MIT, Harvard professors admonish use of 'sex assigned at birth'

A hand holds up a small transgender pride flag. The blue and pink stripes represent the colors for a boy and girl, while the white stripe represents self-declared gender identities, such as transitioning, intersex, neutral and undefined gender.
A hand holds up a small transgender pride flag. The blue and pink stripes represent the colors for a boy and girl, while the white stripe represents self-declared gender identities, such as transitioning, intersex, neutral and undefined gender. | Getty Images

Two professors at prestigious universities have condemned the use of the phrase “sex assigned at birth,” saying it harms societal discourse and the understanding of biology. The pair also contend that professional organizations with wide-reaching influence in American society should abandon their embrace of terms viewed as “respectful euphemisms.” 

In an op-ed published by The New York Times titled “The Problem With Saying ‘Sex Assigned at Birth,’” Massachusetts Institute of Technology professor of philosophy Alex Byrne and Harvard University psychology professor Carole Hooven asserted that “sex is a fundamental biological feature with significant consequences for our species, so there are costs to misconceptions about it.”

The professors lamented that the use of the phrase “sex assigned at birth” has exploded in the last decade as “‘sex’ is now often seen as a biased or insensitive word because it may fail to reflect how people identify themselves.” According to Byrne and Hooven, “One reason for the adoption of ‘assigned sex,’ therefore, is that it supplies respectful euphemisms, softening to what some nonbinary and transgender people, among others, can feel like a harsh biological reality.”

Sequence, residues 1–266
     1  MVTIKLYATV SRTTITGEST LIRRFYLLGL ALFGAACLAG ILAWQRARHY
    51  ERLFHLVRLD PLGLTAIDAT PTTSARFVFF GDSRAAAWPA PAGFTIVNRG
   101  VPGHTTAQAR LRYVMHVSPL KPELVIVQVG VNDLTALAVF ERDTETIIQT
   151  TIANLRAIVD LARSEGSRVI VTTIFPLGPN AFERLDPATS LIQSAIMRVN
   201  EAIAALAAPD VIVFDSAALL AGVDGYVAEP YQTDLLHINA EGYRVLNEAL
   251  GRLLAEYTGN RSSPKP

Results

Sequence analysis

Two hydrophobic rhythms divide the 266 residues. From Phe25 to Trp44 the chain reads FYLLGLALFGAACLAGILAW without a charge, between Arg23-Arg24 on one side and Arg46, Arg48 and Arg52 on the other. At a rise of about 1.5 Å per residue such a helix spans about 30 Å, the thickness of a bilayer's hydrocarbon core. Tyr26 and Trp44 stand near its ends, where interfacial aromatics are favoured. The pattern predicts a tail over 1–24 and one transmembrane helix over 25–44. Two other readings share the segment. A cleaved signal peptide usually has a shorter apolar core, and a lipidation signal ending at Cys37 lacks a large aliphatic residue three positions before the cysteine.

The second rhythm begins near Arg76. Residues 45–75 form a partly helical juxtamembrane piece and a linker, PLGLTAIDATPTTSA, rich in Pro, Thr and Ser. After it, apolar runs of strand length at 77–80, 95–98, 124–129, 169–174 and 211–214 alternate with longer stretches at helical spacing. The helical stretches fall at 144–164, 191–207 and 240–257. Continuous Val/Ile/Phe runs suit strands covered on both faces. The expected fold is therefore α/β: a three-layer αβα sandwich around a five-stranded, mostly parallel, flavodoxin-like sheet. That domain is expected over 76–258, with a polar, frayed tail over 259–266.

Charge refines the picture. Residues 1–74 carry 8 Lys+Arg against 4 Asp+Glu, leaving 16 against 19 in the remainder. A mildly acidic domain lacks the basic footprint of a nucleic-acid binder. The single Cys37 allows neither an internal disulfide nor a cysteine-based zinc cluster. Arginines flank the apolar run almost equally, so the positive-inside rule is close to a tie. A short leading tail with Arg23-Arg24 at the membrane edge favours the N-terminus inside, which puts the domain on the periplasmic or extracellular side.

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Identifying the promotion of the phrase “sex assigned at birth” as an example of “an increasing emphasis in society on emotional comfort and insulation from offense — what some have called ‘safetyism,’” Byrne and Hooven contended that under this line of thinking, “saying that someone was ‘assigned female at birth’ is taken to be an indirect and more polite way of communicating that a person is biologically female.” They noted that “this terminology can also function to signal solidarity with trans and nonbinary people.”

“The shift to ‘sex assigned at birth’ may be well intentioned, but it is not progress,” they insisted. “We are not against politeness or expressions of solidarity, but ‘sex assigned at birth’ can confuse people and creates doubt about a biological fact when there shouldn’t be any. Nor is the phrase called for because our traditional understanding of sex needs correcting — it doesn’t. This matters because sex matters.”

The article elaborated on the impact of embracing the term “sex assigned at birth” by the American Medical Association, the American Psychological Association and the Cleveland Clinic, as well as efforts to suppress “the linguistic tools necessary to discuss” sex: “The Associated Press cautions journalists that describing women as ‘female’ may be objectionable because it can be seen as ‘emphasizing biology,’ but sometimes biology is highly relevant.”